This is the second course focusing on the Apostle Paul’s life and writings. Emphasis is on the final five of his letters to the seven churches (Ephesians, Philippians, Colossians and 1 & 2 Thessalonians), his letter to the church at-large (Hebrews) and his letters addressed to individuals (1 & 2 Timothy, Titus and Philemon). Stress is upon the use of critical, historical, archaeological and cultural analysis. Upon completion, students should be able to use analysis tools to read, understand, and explain these biblical writings.


Welcome to the “Epistles of Paul". Those who elect to walk the seldom traveled path of the Christianity of Jesus of Nazareth and the apostles Peter, Paul, John, and James, seek to follow in Jesus’ footsteps. The Apostle Paul said to follow him as he followed Christ and to emulate his example of obedience to God. To do so requires an understanding of apostolic teachings and the will to live by the apostles’ doctrine. Our collective task is the examination of the history, traditions, and myths surrounding the early church to arrive at a fuller understanding of the period and “for the faith which was once for all delivered to the saints” (Jude 1:3). This course focuses on the teachings, message, background, purposes, and themes of the Captivity Epistles, Hebrews and the Pastoral Epistles with special emphasis on the understanding of core doctrines. Students encounter leading issues and engage in assigned readings, conceptualization activities, and vocabulary building.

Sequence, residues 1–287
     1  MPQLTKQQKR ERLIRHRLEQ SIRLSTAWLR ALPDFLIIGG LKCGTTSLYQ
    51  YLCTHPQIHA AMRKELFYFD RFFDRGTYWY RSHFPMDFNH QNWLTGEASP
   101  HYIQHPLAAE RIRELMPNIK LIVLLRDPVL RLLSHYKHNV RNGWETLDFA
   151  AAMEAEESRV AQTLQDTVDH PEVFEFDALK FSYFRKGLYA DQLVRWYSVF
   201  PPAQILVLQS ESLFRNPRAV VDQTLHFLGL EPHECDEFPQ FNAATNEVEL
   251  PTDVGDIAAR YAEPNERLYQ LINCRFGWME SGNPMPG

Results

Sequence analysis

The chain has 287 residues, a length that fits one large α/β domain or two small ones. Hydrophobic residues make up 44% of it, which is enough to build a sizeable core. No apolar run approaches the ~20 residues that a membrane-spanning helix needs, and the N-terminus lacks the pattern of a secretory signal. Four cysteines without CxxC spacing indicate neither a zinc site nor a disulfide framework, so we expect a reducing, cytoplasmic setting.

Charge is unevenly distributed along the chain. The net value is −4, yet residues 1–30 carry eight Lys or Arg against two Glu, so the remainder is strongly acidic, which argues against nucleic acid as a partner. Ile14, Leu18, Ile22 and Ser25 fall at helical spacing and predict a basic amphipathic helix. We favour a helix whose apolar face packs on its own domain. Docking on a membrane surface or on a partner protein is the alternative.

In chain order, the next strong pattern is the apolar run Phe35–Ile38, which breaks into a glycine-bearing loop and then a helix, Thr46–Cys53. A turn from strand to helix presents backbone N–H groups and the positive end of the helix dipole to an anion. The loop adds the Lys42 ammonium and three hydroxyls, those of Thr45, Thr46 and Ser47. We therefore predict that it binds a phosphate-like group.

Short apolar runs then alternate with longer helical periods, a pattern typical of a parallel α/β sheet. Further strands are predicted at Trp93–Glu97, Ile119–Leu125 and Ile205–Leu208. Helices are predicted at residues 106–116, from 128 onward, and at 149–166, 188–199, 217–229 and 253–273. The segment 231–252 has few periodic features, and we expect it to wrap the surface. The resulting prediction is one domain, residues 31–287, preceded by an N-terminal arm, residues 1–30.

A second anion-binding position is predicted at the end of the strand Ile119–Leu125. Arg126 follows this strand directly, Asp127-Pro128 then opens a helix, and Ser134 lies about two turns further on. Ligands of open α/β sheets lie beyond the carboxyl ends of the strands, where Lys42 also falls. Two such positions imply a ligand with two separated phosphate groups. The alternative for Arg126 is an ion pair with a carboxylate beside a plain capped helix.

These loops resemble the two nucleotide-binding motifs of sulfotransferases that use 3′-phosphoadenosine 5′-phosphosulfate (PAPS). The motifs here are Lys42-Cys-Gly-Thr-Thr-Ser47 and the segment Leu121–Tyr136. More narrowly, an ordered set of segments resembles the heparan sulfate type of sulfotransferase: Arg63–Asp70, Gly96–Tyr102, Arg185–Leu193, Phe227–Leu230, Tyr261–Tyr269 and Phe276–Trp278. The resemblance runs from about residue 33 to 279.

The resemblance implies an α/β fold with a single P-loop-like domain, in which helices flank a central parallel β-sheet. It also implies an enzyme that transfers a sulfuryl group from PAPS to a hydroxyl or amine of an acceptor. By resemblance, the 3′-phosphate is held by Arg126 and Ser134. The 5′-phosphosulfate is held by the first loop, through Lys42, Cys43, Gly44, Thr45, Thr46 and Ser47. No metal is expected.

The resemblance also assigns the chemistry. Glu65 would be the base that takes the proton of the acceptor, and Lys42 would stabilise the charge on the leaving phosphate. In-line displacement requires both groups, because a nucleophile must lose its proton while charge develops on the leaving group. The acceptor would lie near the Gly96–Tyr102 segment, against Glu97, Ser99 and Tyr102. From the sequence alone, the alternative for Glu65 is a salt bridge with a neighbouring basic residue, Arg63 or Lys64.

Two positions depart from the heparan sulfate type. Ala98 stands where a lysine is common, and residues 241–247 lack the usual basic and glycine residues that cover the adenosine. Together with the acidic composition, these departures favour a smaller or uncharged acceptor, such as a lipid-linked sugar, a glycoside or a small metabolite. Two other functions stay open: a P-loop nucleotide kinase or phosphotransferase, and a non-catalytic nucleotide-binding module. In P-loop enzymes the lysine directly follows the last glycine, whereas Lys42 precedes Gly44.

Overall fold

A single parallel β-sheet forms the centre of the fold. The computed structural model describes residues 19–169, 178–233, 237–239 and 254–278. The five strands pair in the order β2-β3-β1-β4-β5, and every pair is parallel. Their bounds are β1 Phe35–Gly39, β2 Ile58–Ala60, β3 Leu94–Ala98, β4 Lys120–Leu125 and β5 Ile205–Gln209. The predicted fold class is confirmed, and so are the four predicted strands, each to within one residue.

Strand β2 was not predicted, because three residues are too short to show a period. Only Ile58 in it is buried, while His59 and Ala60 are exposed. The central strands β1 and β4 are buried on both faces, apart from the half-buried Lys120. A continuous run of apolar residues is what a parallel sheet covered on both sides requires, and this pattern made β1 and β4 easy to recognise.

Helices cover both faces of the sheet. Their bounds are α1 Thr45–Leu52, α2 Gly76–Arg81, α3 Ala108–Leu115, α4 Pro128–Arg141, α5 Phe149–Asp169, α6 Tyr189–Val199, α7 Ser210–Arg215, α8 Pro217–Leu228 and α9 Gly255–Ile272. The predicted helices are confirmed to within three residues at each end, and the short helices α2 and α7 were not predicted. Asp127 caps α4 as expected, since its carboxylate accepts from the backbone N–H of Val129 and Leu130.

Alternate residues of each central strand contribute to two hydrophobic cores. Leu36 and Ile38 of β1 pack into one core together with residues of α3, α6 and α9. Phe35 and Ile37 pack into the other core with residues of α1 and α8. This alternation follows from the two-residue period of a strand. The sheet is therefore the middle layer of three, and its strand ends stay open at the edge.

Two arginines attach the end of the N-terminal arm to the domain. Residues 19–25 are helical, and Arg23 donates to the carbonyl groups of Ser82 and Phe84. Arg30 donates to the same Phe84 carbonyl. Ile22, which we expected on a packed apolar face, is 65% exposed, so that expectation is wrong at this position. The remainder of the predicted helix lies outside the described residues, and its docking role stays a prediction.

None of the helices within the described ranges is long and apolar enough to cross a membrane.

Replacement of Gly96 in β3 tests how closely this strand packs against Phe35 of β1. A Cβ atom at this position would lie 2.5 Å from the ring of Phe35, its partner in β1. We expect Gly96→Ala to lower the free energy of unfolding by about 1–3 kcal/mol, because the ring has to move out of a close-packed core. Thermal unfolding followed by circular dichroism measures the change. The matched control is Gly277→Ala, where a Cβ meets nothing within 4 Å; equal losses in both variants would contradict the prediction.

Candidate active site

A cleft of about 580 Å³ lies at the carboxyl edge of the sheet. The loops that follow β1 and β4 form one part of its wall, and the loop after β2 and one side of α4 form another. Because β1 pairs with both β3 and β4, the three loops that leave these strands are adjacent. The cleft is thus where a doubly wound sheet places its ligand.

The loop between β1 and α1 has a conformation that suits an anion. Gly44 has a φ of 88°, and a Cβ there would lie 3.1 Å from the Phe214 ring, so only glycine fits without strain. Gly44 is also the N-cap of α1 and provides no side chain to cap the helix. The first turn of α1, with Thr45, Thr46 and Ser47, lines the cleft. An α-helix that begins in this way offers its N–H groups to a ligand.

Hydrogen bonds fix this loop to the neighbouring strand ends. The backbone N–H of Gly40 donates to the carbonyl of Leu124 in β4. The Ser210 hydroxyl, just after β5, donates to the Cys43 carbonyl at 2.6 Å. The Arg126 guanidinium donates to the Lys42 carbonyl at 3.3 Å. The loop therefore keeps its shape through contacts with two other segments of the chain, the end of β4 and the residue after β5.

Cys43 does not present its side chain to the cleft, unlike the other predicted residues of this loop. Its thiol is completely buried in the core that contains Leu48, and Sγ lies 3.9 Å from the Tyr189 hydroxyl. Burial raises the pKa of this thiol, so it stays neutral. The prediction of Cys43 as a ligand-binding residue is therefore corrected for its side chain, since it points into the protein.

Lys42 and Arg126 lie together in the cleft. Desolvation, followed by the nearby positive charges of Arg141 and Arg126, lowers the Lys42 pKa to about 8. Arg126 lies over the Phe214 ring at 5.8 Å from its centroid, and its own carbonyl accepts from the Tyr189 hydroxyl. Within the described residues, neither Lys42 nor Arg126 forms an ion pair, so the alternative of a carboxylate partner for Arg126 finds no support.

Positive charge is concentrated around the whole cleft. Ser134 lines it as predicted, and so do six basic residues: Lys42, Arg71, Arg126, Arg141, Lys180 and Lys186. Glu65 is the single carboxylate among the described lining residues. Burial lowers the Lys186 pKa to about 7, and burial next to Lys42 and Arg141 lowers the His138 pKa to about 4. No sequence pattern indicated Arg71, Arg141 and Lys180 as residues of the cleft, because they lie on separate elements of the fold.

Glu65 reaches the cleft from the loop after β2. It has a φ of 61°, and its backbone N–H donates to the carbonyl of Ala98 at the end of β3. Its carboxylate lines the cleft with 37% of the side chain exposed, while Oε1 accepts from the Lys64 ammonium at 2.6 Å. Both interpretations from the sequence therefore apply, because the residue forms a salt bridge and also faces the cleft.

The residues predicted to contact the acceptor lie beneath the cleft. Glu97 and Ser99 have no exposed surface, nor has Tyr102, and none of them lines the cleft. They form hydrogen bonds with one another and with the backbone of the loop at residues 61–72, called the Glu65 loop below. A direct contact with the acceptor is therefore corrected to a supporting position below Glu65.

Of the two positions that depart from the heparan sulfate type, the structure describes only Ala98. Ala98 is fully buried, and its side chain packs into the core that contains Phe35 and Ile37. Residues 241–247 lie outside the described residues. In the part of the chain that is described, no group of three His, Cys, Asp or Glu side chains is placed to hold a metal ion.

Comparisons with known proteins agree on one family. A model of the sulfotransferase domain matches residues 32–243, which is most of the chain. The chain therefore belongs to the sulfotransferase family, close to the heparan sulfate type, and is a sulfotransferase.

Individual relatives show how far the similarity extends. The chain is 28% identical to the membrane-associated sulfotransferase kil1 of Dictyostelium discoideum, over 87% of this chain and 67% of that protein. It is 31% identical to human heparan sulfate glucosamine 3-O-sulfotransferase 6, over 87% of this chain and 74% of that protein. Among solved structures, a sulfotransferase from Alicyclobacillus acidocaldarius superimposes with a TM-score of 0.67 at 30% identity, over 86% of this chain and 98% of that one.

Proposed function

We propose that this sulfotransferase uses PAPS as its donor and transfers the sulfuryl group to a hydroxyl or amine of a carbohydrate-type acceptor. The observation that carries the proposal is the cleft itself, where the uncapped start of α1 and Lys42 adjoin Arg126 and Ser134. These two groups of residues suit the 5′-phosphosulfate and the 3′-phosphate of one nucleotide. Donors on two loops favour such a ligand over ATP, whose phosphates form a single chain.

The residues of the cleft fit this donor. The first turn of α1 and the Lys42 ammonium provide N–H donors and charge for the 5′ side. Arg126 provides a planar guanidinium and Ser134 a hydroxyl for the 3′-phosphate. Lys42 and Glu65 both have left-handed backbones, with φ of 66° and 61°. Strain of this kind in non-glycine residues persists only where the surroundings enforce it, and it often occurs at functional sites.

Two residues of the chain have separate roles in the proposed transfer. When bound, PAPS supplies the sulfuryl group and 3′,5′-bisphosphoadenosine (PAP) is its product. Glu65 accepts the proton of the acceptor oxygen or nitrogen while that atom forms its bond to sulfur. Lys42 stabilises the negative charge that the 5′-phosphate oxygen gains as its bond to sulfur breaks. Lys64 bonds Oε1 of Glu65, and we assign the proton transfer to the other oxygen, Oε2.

Completion of THL 136 or consent of instructor

Nathan, Peter G.

Associate Professor of Theology
Full Time
B.A. (1972), Ambassador University; M.T.S. (1992), Southern Methodist University; M.St. (2012), University of Cambridge.
Subject Matter: